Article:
Google and Meta have been under pressure in New Zealand from the country’s lawmakers. It makes sense, because it could be possible that Google and meta will soon be paying money to the country for news content.
New Zealand Broadcasting Minister Willie Jackson has confirmed that the proposed law will work as a backstop in case the internet giants don’t reach deals with media outlets on their own.
Speaking to the media on Sunday, Jackson said, “We’ve probably lost 50% of journalists in the last 10 years. We’ve got to give hope to the small players out there. I’m proud to bring forward legislation that supports them.”
“It’s not fair that Google and other big digital media platforms are able to post local news for free. It’s expensive to produce the news, and it only makes sense for them to pay,” he said, according to Stuff.”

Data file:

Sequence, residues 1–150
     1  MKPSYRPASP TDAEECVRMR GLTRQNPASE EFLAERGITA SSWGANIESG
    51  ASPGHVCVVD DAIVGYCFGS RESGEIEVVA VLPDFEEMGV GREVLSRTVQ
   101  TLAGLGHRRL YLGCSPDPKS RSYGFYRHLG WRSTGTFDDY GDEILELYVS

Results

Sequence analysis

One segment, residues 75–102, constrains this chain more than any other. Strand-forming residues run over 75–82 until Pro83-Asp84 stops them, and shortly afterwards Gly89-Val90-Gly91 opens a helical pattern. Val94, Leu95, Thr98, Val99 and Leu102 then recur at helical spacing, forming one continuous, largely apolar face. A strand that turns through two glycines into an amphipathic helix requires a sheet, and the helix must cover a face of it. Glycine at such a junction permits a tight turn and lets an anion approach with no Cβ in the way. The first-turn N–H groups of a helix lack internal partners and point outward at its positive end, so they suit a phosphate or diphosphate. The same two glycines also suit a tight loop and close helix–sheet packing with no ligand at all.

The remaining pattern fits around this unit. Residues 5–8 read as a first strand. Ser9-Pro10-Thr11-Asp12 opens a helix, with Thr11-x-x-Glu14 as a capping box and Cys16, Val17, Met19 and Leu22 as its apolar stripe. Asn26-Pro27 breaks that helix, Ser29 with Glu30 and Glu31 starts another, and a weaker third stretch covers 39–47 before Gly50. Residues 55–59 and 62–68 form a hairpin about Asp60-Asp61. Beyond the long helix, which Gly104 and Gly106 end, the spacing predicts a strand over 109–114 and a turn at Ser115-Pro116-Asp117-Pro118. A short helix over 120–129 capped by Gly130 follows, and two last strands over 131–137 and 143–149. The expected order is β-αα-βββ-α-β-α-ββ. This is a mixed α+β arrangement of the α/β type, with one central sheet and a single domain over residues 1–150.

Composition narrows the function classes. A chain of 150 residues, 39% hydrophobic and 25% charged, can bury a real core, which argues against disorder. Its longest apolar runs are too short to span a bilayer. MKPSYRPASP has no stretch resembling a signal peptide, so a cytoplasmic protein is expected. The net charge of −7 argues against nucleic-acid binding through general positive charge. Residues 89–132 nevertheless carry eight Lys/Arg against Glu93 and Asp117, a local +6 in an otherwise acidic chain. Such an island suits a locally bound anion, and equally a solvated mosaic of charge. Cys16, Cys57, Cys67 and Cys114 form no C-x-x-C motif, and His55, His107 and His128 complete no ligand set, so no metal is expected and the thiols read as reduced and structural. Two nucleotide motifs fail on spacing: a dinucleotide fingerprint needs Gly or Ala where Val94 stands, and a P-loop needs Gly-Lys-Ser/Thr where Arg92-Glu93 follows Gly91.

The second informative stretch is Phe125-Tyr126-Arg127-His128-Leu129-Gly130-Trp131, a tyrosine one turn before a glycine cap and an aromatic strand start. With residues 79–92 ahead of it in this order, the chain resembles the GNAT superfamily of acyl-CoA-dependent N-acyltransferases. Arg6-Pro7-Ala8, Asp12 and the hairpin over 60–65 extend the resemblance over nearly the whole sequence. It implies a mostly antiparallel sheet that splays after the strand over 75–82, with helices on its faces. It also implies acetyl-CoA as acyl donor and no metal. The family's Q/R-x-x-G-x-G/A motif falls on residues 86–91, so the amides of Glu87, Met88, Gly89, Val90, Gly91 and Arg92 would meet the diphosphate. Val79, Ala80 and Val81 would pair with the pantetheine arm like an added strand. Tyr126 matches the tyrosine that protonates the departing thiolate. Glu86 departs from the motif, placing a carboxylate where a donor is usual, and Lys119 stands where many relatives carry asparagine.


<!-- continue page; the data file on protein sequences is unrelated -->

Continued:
The giant tech companies are currently in negotiations with several Kiwi publishers, and if this law passes, the new deal could generate an extra $30 million to $50 million for local journalism.
PM vows to promote freedom of expression and a free media.
Australia and Canada have already taken action against disinformation. Google and Facebook resisted the legislation in the beginning, but reached agreements with key media groups to update their policies.
In March 2018, then Facebook and Google officials met with Kris Faafoi, the Minister of Broadcasting. The social media company is now owned by Facebook.
He told Parliament he had confidence that the same discussions would take place in New Zealand. You can’t argue with him.